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What’s the deal with floating and who should do it?

What’s the deal with floating and who should do it?

So it’s a few days out from Christmas and the only people left on my shopping list are people who are truly hard to buy for: my teenagers, a cricket-loving uncle and a friend who’s expecting.

Then it clicks: the gift of floating is perfect for all of them. In the beautiful world of floating there is no light, no smell, no touch and no sound (besides soft music at the beginning and the end of your float).


The water is saturated with 350kg of Epsom salt, making it so dense and buoyant that you float no matter what you weigh. The physical and mental health benefits are astounding. It’s a deep relaxation that restores your nervous system after the stress of a
busy year.

Here are the ‘hard to buy for’ people whom a float voucher is perfect for.


When was the last time your teen took an hour off from their phone, laptop, Netflix or PS5? Time immersed in a float tank will allow them to switch off, literally. Submerged in the tank they’ll disconnect from school, peers and parents.

The tank is also a fantastic way to introduce mindfulness to your teen, allowing them to take a break, come back to the present moment, come back to their breath and rediscover their inner strength and resilience.

People with anxiety


A regular floating routine can lower cortisol — the stress response hormone — levels and help you disconnect from the pressures of everyday life. The sensory deprivation qualities of floating also mean it’s a great meditation aid, and can significantly improve sleep quality too (many anxiety sufferers also experience insomnia).

Floating can help to decrease blood pressure, and lower stress hormones, creating an increase in endorphins. One hour in a float tank is equal to four hours of sleep, so you’ll leave feeling refreshed and relaxed.

Expecting mums

Being pregnant puts all sorts of extra pressure on your body, I mean you’re growing an extra human! Floating helps ease and alleviate the pressure on your joints (trust me that feeling alone is worth it).

Floating can alleviate swelling and help prevent edema. Time in the tank also helps promote vasodilation, which means that your blood vessels dilate to allow better blood flow as well as ease high blood pressure, both beneficial for you and the baby. The zero gravity environment of the float tank offers an hour of weightlessness for a pregnant mum, with the pressure taken off her limbs, lower back and abdomen.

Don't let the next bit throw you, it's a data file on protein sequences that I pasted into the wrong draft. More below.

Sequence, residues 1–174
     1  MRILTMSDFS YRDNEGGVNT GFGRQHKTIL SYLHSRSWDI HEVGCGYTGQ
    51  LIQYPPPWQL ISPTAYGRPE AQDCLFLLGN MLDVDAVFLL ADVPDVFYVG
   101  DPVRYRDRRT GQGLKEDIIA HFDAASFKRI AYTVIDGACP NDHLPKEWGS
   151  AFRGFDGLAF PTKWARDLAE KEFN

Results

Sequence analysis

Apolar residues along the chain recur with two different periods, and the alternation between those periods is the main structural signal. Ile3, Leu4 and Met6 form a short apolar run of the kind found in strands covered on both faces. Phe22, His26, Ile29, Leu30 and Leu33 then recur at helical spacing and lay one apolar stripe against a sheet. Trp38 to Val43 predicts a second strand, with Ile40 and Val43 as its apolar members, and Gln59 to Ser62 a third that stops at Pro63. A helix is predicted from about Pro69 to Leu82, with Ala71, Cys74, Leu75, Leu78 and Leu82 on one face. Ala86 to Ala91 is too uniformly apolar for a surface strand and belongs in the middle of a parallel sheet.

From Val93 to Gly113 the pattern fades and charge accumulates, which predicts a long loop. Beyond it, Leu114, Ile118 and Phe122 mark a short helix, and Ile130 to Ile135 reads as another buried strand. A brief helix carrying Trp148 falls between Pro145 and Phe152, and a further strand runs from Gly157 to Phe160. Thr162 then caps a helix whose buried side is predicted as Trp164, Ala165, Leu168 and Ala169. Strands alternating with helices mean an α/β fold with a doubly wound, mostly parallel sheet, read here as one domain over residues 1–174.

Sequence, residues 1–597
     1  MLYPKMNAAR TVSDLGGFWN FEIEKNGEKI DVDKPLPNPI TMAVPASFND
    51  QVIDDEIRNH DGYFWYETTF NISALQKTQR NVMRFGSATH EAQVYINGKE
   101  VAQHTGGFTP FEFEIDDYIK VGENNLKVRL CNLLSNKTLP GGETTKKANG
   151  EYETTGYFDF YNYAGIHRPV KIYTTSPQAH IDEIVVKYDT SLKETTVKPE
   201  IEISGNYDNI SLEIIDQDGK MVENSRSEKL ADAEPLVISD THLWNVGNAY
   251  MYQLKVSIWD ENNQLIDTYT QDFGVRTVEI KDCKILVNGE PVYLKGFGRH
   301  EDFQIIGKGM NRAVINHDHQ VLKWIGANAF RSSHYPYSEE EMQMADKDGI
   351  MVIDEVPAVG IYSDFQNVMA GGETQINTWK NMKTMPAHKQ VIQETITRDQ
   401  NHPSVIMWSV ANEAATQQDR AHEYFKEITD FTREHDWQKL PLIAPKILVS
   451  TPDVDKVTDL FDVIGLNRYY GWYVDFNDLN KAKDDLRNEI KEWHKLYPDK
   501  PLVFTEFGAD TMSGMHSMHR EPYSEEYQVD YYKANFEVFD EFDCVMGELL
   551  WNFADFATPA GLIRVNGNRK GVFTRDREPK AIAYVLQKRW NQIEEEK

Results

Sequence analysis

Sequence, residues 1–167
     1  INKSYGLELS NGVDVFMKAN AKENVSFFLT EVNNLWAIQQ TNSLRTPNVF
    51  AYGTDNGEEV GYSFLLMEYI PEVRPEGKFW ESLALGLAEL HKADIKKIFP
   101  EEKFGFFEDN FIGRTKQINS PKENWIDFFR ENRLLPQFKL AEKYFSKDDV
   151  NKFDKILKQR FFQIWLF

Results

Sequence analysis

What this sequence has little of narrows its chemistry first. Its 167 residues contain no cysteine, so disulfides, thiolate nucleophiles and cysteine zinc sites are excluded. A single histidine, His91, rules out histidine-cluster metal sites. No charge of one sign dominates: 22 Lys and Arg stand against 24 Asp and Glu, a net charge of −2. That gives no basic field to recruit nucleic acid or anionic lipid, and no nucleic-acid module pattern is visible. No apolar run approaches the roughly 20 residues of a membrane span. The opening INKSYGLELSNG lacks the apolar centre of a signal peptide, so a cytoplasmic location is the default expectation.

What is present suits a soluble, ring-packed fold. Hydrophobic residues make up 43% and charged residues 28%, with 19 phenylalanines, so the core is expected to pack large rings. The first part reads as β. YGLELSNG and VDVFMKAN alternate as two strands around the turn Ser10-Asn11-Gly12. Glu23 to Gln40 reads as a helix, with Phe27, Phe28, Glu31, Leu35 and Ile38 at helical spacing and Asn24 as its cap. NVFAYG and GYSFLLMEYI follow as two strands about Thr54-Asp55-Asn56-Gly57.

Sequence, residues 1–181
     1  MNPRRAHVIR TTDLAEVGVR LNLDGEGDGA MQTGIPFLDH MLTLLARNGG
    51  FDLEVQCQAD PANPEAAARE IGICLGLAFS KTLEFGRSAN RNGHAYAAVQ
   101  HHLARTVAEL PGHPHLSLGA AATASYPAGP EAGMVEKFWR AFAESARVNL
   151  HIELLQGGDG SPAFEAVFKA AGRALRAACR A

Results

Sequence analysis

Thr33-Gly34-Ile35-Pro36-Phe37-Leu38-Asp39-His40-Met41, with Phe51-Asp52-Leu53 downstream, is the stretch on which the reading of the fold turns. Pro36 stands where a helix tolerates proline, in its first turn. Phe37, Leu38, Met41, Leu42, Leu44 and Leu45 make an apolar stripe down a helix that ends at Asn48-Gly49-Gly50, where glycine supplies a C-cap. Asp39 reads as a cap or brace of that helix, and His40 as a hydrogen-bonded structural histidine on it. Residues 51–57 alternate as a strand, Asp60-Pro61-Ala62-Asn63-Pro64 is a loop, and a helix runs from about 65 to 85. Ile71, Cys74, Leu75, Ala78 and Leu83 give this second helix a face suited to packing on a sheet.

Professional athletes and even the fitter among us are always looking for new and innovative ways to increase their performance. Recovery has become just as important as the physical work itself. Floating assists with increased physical healing, a reduction in swelling and also aids in detoxifying and increasing endorphins. Mindset is crucial for achieving peak physical condition and a float tank has been linked to hemispheric and whole-brain integration.

Chronic pain sufferers

Many chronic illness and pain sufferers have reported welcome relief while using natural and holistic treatment methods like floating.

Floatation therapy can aid with relief of pain associated with rheumatoid arthritis, chronic osteo-arthritis, migraines, back and joint pain, fibromyalgia, tendonitis, bursitis and traumatic injuries. Pressure taken off the spine can also help to straighten bones and joints and alleviate discomfort for chronic back pain sufferers.

Floating increases circulation throughout the whole body as well as the distribution of oxygen and nutrients supporting healing. Enhanced muscle relaxation and an overall reduction in physical stress are also achieved through floatation.

Grab a Christmas float voucher here

A Q! News x Astral Float Studio article

About the Author: Holly Winchester

Part Jennifer Coolidge, part Jennifer Garner (gaudy and geeky), Holly idolises Dolly Parton and Princess Di and loves NRL. When she's not creating killer content, you’ll find Holly at the Maccas drive thru getting her chai latte fix or buying 1990s memorabilia for the walls of her Googong home. Specialist subject: the Woolies carpark.